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PP02-25: Socio-Ecological Elements Involved in Racial and Ethnic Minority Recruitment Practices for Industry-Sponsored Clinical Trials





Poster Presenter

      Becky Johnson

      • Associate Director, Global Patient & Site Solutions
      • IQVIA
        United States

Objectives

The purpose of the study was to understand the socio-ecological elements that are involved in the active implementation of racial and ethnic minority recruitment practices for biopharmaceutical-funded trials in the US.

Method

The research design is a descriptive, exploratory, general qualitative study utilizing telephone interviews.Data was collected Nov‘18-March‘19.Purposive sampling was used to recruit 15 clinical trial research staff members to provide their insights/experiences with recruiting minority participants.

Results

One overarching research question guides my study: What are the socio-ecological elements that are involved in the active implementation of racial and ethnic minority recruitment practices for biopharmaceutical-funded trials in the US? Five sub-questions were used, each addressing a different component of the socio-ecological model (SEM), the conceptual framework guiding this study. These 5 sub-questions cover intrapersonal, interpersonal, organizational, community and policy elements involved in active minority recruitment practices. Findings were organized using the SEM: Intrapersonal (respondent characteristics): • Interview respondents believe it is important to increase minority participation in trials • Respondents demonstrate a personal commitment to minority recruitment (i.e. opening their own research site specifically for that purpose) • Respondents receive satisfaction from their work, including having positive feelings from helping patients Interpersonal (respondent’s social network): • Respondents discussed a camaraderie amongst his/her co-workers • Respondents are not influenced by their colleagues to recruit minority participants Organizational (respondent’s research site): • Respondents’ research sites demonstrate a commitment to minority recruitment related to providing community education prior to introducing a trial opportunity • Respondents’ sites are just as committed to minority recruitment regardless of percentage of minority participants they recruit • Respondents’ research sites have a culture of inclusion • Respondents’ research sites’ missions guide recruitment efforts Community (interactions with patients): • Efforts are taken by respondent and/or his/her co-workers to develop trust • Respondents discussed taking action to encourage patients to take an active role in managing their health Policy (regulations set forth by trial funder): • Respondents discussed a lack of diversity emphasis by sponsors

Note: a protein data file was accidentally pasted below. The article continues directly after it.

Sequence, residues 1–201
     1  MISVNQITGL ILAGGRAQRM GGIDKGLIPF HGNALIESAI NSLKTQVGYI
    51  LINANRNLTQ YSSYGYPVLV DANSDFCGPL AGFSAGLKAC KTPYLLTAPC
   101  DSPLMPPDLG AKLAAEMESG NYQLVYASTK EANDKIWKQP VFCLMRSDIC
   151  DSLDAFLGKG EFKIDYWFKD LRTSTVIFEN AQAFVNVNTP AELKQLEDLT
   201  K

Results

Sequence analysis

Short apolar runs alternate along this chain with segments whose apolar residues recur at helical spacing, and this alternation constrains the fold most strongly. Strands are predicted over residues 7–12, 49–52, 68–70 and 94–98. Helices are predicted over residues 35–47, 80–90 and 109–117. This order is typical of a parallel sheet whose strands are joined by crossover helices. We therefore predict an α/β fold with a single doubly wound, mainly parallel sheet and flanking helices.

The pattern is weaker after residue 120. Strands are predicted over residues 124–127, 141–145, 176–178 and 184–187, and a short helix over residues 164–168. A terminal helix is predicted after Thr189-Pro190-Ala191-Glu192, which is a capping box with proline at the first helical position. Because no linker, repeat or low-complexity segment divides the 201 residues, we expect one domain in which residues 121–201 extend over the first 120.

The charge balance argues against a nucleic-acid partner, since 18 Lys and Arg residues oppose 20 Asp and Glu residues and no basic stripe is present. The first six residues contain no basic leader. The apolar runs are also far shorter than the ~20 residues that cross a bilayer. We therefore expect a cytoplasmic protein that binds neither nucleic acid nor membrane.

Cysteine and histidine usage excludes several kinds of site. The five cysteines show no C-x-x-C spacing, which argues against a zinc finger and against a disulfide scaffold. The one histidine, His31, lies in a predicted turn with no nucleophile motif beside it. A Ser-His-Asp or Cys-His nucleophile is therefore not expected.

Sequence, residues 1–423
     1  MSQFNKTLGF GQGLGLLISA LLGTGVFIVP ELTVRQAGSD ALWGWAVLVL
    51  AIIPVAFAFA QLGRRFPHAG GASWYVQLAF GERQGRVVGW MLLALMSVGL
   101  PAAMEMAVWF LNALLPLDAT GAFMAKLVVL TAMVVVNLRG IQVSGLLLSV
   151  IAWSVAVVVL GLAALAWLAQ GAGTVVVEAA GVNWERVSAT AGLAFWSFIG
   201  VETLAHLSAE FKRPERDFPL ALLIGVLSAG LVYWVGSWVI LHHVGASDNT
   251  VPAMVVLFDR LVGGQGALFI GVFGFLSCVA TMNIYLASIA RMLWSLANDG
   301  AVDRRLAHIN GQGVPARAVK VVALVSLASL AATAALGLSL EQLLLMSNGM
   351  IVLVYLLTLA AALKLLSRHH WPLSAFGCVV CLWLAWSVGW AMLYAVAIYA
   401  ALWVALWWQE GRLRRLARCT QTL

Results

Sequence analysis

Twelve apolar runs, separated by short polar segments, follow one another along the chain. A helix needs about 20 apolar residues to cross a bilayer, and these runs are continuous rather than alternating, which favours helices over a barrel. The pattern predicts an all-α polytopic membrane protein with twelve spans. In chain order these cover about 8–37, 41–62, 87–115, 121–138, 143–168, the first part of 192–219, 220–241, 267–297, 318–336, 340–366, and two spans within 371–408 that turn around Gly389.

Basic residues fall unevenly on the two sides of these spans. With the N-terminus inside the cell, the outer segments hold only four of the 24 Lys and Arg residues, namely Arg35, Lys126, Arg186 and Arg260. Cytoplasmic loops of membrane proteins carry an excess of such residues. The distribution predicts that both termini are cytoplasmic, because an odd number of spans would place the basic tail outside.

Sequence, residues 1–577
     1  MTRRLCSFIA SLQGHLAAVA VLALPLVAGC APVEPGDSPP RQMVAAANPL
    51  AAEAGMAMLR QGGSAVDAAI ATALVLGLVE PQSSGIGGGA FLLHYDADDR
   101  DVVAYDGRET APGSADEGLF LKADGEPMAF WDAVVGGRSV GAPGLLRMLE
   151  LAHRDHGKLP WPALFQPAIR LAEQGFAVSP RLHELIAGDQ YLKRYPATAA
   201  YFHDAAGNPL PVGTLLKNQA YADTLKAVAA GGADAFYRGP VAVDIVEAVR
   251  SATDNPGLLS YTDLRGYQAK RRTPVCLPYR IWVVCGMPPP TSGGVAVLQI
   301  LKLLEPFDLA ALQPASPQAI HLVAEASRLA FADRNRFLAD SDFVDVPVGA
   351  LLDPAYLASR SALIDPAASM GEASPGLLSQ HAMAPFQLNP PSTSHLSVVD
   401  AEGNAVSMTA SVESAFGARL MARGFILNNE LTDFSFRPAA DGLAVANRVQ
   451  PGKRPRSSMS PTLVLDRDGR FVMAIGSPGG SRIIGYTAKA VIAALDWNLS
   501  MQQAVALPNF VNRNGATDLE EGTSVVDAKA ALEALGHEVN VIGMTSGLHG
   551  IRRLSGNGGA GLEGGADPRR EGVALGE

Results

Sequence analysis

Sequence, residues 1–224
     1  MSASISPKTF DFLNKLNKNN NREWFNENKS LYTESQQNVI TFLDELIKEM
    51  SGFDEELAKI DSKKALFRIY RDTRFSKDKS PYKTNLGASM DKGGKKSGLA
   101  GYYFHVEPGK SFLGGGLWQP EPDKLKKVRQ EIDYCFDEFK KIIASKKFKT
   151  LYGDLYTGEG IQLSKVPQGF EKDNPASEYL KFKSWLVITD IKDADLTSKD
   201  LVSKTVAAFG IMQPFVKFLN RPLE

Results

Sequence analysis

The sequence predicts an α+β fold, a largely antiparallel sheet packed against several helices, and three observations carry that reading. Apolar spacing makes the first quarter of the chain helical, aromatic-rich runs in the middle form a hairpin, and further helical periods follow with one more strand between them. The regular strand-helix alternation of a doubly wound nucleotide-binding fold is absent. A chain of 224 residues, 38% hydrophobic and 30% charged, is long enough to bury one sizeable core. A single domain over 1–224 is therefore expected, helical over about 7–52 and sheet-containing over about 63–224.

Conclusion

This study contributes towards the scarcity of knowledge on strategies used in industry-sponsored trials for recruiting diverse participants, using the SEM as a conceptual framework. The SEM focuses on the interrelationships between individuals and their environments under the premise that behavior is affected by and affects the environmental system in which it is a part (McLeroy, Bibeau, Stecker, & Glanz, 1988). Implications • Satisfaction stemming from improving patient outcomes suggests a reciprocal relationship with the environment and has implications for future hiring decisions • Respondents not being influenced by colleagues to focus on diverse recruitment suggests an individual’s values may play a role in his/her active minority recruitment efforts - It may be prudent for sponsors, CROs or Federal Agencies to attempt to influence social norms via educational programs targeted towards sites for raising awareness of the critical need to improve access to clinical trials • Organizations demonstrate a commitment to minority recruitment regardless of investment barriers and ROI, suggesting a motivation beyond financial gain from meeting enrollment goals • Respondents discussed educating the community prior to introducing a study opportunity. Their efforts are likely fueled by the scarcity of nationwide attempts. Current efforts of industry stakeholders responsible for supporting sites with clinical trial recruitment (sponsors, CROs, etc.) largely focus on study-level recruitment. Efforts to educate stakeholders on this important differentiation for recruiting minority populations may serve beneficial as the respondents discussed how even they learned that traditional study recruitment approaches without first educating the community and building trust do not work for minority populations. Industry-wide, we need a paradigm shift in our recruitment approaches in order to improve access to clinical trials and achieve diverse representation.